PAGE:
For the next few posts, I’m going to summarize Peter Rollins’ How (Not) to Speak of God.
This book has been something of a watershed experience for the emerging conversation. However, unlike other books that have discussed the emergent movement, it is not focused on emergents, emerging churches, or the criticisms that are being directed by emergents at mainstream protestants. Instead, it is a very concise articulation of a simple idea.
The idea behind this book lies at the heart of what so many of us in the emerging conversation have been trying to find words to express during the last few years. Rollins is giving us a language that we can use to talk about God and truth in the context of a rapidly changing culture.
In the introduction, Rollins describes his struggle to reconcile two seemingly inconsistent statements. The first, expressed by philosopher Ludwig Wittgenstein, goes like this:
What we cannot speak about we must pass over in silence.
The second, which comes from Rollins’ roots in evangelicalism, goes like this:
God is the one subject of whom we must never stop speaking.
Rollins’ struggle was this: God will never be adequate for words. He is larger and more complex than our ability to comprehend, much less describe. Thus, how could we ever speak of him at all, much less find a way to never stop speaking of him?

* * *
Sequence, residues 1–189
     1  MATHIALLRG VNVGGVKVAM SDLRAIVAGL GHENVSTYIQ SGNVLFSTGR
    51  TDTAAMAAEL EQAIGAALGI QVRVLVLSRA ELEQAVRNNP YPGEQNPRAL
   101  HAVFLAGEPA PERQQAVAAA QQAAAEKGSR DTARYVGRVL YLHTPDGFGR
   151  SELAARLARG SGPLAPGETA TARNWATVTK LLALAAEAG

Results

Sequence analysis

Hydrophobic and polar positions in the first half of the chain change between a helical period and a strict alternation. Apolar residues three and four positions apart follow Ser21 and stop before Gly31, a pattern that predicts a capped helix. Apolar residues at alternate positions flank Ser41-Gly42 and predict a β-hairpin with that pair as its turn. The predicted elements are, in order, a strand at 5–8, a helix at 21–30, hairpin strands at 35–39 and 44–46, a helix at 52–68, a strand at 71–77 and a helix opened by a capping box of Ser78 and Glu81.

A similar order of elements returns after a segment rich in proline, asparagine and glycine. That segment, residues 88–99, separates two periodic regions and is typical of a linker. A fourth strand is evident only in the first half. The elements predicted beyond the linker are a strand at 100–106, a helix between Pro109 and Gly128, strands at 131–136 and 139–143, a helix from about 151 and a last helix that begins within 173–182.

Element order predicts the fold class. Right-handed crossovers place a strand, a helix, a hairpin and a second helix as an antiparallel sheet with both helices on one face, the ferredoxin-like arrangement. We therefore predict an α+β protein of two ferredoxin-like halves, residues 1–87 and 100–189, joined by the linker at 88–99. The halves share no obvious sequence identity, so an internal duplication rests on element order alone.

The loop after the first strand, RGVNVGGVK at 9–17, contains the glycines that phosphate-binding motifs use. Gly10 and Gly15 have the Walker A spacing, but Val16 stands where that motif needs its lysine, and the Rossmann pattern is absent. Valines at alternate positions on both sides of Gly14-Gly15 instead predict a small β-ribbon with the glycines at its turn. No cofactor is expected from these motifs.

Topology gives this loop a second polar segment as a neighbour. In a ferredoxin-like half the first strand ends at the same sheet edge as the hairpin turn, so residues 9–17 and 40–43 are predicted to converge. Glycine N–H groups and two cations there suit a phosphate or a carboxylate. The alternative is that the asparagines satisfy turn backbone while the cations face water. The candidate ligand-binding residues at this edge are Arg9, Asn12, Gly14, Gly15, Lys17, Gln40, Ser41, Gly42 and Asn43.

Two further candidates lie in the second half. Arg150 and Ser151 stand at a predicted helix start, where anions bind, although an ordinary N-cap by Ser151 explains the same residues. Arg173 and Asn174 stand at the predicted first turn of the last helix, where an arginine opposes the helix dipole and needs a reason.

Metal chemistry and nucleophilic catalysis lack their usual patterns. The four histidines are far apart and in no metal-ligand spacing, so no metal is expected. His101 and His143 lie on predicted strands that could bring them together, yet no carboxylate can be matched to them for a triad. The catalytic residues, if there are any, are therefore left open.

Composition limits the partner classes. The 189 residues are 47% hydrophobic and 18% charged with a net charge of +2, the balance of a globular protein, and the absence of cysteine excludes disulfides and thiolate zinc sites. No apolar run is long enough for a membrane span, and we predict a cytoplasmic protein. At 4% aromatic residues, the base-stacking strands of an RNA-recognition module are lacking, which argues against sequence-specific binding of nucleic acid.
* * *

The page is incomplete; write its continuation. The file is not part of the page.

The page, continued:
Ultimately, however, Rollins discovered an ancient solution to his dilemma – one which was embraced by the Christian mystics. It goes something like this:
That which we cannot speak of is the one thing about whom and to whom we must never stop speaking.
In this way of thinking, God is not a subject that can be passed over in silence, nor is he someone that can be fully revealed in words. Thus, for me, the point is this:
While we can and must speak of God, we should do so with humility – realizing that our words will always be inadequte.
With this thought in mind, Rollins moves into the first section of the book, entitled Heretical Orthodoxy: From Right Belief to Believing in the Right Way.
More to come.